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Assistance Solutions Knowledge

Picking up where the National Environmental Services Center (NESC) left off, the Appalachian Community Technical Assistance and Training (ACTAT) program’s focus is sustainable water infrastructure. ACTAT provides training and customized assistance to small, rural communities to resolve drinking water and wastewater problems while educating them on public health and environmental issues.


Devoted to protecting the public health and environment of the nation's small communities by providing drinking water and wastewater informational and educational resources.

UK Faculty and Students in Martin County, Kentucky

Appalachian Community Technical Assistance and Training (ACTAT) Program

By focusing on each community’s context and needs, ACTAT promotes community-driven actions to address community-specific concerns about operating and managing water and wastewater systems. Our vision is to enhance economic development in small, rural communities of the region, by providing viable water infrastructure systems.

Learn more about the Appalachian Community Technical Assistance and Training (ACTAT) Program
Training in Spencer

Technical Assistance Services Center

NESC programs are devoted to protecting the public health and environment of small communities and rural areas by connecting communities and individuals with resources to educate and provide safe drinking water and adequate wastewater services.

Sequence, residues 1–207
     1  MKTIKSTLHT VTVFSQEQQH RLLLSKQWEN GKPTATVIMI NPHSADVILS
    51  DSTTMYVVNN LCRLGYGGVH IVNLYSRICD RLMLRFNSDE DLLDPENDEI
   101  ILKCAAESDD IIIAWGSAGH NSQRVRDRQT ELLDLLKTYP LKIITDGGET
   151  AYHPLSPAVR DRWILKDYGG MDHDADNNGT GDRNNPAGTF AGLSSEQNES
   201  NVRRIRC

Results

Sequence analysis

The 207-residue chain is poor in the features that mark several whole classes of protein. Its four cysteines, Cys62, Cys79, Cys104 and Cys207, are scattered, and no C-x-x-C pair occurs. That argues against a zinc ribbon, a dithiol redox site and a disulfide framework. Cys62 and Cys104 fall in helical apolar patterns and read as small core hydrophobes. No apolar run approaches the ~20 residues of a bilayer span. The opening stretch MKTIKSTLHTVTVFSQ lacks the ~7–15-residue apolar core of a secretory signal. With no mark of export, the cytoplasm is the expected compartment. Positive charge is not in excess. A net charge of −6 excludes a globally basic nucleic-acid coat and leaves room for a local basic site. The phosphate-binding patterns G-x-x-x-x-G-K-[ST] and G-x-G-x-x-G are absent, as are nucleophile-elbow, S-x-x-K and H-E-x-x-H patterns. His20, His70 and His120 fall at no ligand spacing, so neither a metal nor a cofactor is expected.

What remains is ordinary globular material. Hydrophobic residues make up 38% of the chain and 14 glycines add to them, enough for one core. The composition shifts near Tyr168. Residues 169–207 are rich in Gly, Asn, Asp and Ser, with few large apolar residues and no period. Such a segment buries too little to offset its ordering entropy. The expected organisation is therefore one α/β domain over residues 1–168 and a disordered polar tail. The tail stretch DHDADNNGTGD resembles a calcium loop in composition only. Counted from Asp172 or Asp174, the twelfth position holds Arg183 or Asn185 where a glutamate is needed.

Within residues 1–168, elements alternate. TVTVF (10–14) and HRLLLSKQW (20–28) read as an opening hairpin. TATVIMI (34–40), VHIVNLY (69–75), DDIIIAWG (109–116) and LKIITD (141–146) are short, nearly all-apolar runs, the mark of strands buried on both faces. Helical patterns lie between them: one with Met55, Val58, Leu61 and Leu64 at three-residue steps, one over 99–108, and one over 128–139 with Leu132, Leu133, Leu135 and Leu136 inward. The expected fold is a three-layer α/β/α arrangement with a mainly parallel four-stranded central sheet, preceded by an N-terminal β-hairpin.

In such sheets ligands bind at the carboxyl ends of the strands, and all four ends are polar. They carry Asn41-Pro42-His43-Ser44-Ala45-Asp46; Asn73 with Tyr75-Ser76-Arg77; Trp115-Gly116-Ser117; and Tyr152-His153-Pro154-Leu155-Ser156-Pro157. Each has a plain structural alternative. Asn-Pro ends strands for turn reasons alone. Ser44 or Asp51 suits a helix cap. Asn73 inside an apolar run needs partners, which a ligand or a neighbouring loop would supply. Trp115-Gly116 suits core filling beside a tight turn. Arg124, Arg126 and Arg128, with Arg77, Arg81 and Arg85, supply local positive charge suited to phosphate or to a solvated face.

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Providing effective delivery of relevant and free direct technical assistance, educational materials, training programs, and partnering opportunities to small, rural communities.

Drinking water plant

Drinking Water Treatment

Water seems limitless and for the most part, it is taken for granted. However, water is essential for life. A potable (safe for drinking) water supply is perhaps the most vital service a community provides to its citizens. People depend on water for drinking, cooking, washing, carrying away wastes, and other domestic needs. In the U.S., drinking water supplies are among the safest in the world; however, this comes at a great cost and supplies are not always sustainable. Sources of water used to supply drinking water comes from rivers, lakes, and groundwater. From the source to the tap, water goes through many steps to become safe to drink.

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Dunlap, TN wastewater plant

Wastewater Treatment

Ensuring proper wastewater treatment and disposal is as important for protecting community health as drinking water treatment, garbage collection, and immunization programs. Untreated and inadequately treated wastewater can spread disease and contaminate drinking water sources When untreated wastewater reaches water used as a drinking water source, there can be significant health risks. To ensure safe drinking water, communities need both effective water and wastewater treatment.

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A job cannot be done correctly without the right tools, knowledge being the most important tool.

ACTAT photo


The Appalachian Community Technical Assistance and Training (ACTAT) Program focuses on small communities in West Virginia, Kentucky, and Tennessee by offering free, water infrastructure training and technical services.

Learn more about ACTAT
Emily Garner

To make drinking water safer, WVU researcher investigates microbial communities living in pipes

Emily Garner, assistant professor at the West Virginia University Benjamin M. Statler College of Engineering and Mineral Resources, has launched a five-year study to learn more about biofilms. Known as “cities of microbes,” biofilms are conglomerations of fungi, algae, bacteria and other single-celled organisms that cling to each other and to surfaces.

Learn more about this research